Our team is here to answer your questions about vaping-related personal injury or wrongful death lawsuits.

Request a free case review now. Icon

Fact-Checked and Legally Reviewed by: makes it easier to take legal action. We have information, lawsuit guides, and breaking news about drugs, products, and other issues that could affect you.

  1. American Lung Association. (2018, September 18). Popcorn Lung: A Dangerous Risk of Flavored E-Cigarettes. Retrieved August 23, 2019, from
  2. Chemicals linked with severe respiratory disease found in common e-cigarette flavors. (2015, December 8). Retrieved August 23, 2019, from
  3. Caporale, A., Langham, M. C., Guo, W., Johncola, A., Chatterjee, S., & Wehrli, F. W. (2019, August 20). Acute Effects of Electronic Cigarette Aerosol Inhalation on Vascular Function Detected at Quantitative MRI. Radiology. Retrieved August 23, 2019, from
  4. American Lung Association. (2019, May 21). The Impact of E-Cigarettes on the Lung. Retrieved August 23, 2019, from
  5. American Lung Association. (2018, February 27). Volatile Organic Compounds. Retrieved August 23, 2019, from
  6. Jaishankar, M., Tseten, T., Anbalagan, N., Mathew, B. B., & Beeregowda, K. N. (2014, November 14). Toxicity, mechanism and health effects of some heavy metals. doi: 10.2478/intox-2014-0009
  7. (2018, June 20). Health and Environmental Effects of Particulate Matter (PM). Retrieved from
  8. Editorial Staff | July 7, 2016 (L. U. S. 18. (n.d.). Popcorn Lung: A Dangerous Risk of Flavored E-Cigarettes. Retrieved from
  9. (n.d.). CDC – Flavorings-Related Lung Disease – NIOSH Workplace Safety and Health Topic. Retrieved from
  10. (n.d.). Retrieved from
  11. Cho, J. H., & Paik, S. Y. (2016, March 4). Association between Electronic Cigarette Use and Asthma among High School Students in South Korea. Retrieved from
  12. Lappas, A. S., Tzortzi, A. S., Konstantinidi, E. M., Teloniatis, S. I., Tzavara, C. K., Gennimata, A., … Behrakis, P. K. (2017, September 24). Short‐term respiratory effects of e‐cigarettes in healthy individuals and smokers with asthma – Lappas – 2018 – Respirology – Wiley Online Library. Retrieved from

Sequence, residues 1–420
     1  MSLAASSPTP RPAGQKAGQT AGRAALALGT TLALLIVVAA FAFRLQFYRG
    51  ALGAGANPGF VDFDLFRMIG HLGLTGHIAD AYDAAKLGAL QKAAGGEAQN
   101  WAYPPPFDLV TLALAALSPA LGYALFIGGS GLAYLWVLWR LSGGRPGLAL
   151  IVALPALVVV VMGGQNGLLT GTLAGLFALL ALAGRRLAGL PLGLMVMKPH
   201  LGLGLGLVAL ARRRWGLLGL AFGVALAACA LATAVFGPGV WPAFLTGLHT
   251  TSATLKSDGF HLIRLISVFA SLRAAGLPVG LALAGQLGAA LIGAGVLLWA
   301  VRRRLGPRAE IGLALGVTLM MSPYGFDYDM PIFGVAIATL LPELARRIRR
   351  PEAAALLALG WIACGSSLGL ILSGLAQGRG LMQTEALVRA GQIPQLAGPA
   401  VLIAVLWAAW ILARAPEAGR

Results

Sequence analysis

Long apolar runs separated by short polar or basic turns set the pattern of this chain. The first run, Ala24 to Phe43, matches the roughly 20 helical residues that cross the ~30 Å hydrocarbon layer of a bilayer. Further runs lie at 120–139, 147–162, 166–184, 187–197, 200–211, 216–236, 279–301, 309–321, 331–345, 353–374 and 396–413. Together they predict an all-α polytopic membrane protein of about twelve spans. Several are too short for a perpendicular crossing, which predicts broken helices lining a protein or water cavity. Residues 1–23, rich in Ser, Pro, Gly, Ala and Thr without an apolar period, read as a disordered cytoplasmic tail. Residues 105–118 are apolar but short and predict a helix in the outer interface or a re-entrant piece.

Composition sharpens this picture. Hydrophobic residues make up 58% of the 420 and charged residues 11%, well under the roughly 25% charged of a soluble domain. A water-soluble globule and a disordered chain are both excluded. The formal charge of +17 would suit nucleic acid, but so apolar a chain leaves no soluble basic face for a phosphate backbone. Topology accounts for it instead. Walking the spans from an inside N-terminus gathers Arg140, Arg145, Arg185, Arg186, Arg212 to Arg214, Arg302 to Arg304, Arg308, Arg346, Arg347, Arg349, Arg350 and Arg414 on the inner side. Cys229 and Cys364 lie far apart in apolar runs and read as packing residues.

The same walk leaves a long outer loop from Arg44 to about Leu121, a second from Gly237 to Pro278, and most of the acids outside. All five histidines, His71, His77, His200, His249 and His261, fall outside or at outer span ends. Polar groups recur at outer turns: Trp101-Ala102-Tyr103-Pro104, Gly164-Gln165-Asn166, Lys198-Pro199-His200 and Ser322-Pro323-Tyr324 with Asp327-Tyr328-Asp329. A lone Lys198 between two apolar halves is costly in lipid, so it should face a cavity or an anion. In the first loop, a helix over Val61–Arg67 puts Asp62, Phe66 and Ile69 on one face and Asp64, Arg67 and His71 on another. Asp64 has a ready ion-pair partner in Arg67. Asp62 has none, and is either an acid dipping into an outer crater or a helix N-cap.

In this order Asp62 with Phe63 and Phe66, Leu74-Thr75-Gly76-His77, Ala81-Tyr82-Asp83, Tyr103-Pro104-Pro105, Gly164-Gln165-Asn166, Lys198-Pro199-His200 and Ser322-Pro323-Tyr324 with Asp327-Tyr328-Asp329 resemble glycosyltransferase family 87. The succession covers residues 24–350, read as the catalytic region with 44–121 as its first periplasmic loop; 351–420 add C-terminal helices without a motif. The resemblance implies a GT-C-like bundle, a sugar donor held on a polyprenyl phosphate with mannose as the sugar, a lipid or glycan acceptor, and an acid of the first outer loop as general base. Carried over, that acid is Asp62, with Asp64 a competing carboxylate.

13. Clapp, P. W., & Jaspers, I. (2017, October 5). Electronic Cigarettes: Their Constituents and Potential Links to Asthma. Retrieved from
  14. (2019, July 1). Chronic Bronchitis | Symptoms of Bronchitis. Retrieved from
  15. (2018, May 30). First evidence linking e-cigs to COPD in the population. Retrieved from
  16. (n.d.). E-Cigarettes: Use, Effects on Smoking, Risks, and Policy Implications. Retrieved from
  17. Reinikovaite, V., Rodriguez, I. E., Karoor, V., Rau, A., Trinh, B. B., W-B, F., & Taraseviciene-Stewart, L. (2018, April 1). The effects of electronic cigarette vapour on the lung: direct comparison to tobacco smoke. Retrieved from
  18. Garcia-Arcos, I., Geraghty, P., Baumlin, N., Campos, M., Dabo, A. J., Jundi, B., … Foronjy, R. (2016, December). Chronic electronic cigarette exposure in mice induces features of COPD in a nicotine-dependent manner. Retrieved from
  19. (n.d.). Aldehyde Detection in Electronic Cigarette Aerosols. Retrieved from
  20. Bein, K., & Leikauf, G. D. (2011, September). Acrolein – a pulmonary hazard. Retrieved from
  21. (n.d.). CDC, states investigating severe pulmonary disease among people who use e-cigarettes | CDC Online Newsroom | CDC. Retrieved from
  22. Edwards, E. (2019, August 23). Cases of vape-related lung damage rise to at least 149. Retrieved from
  23. Youn, S. (2019, August 21). 19-year-old drops lawsuit against Juul, Philip Morris over marketing to young people. Retrieved from
  24. Coleman, E. K. (2019, August 14). Lake County state’s attorney sues e-cigarette maker Juul Labs, accusing it of ‘creating a public health crisis’. Retrieved from
Last modified: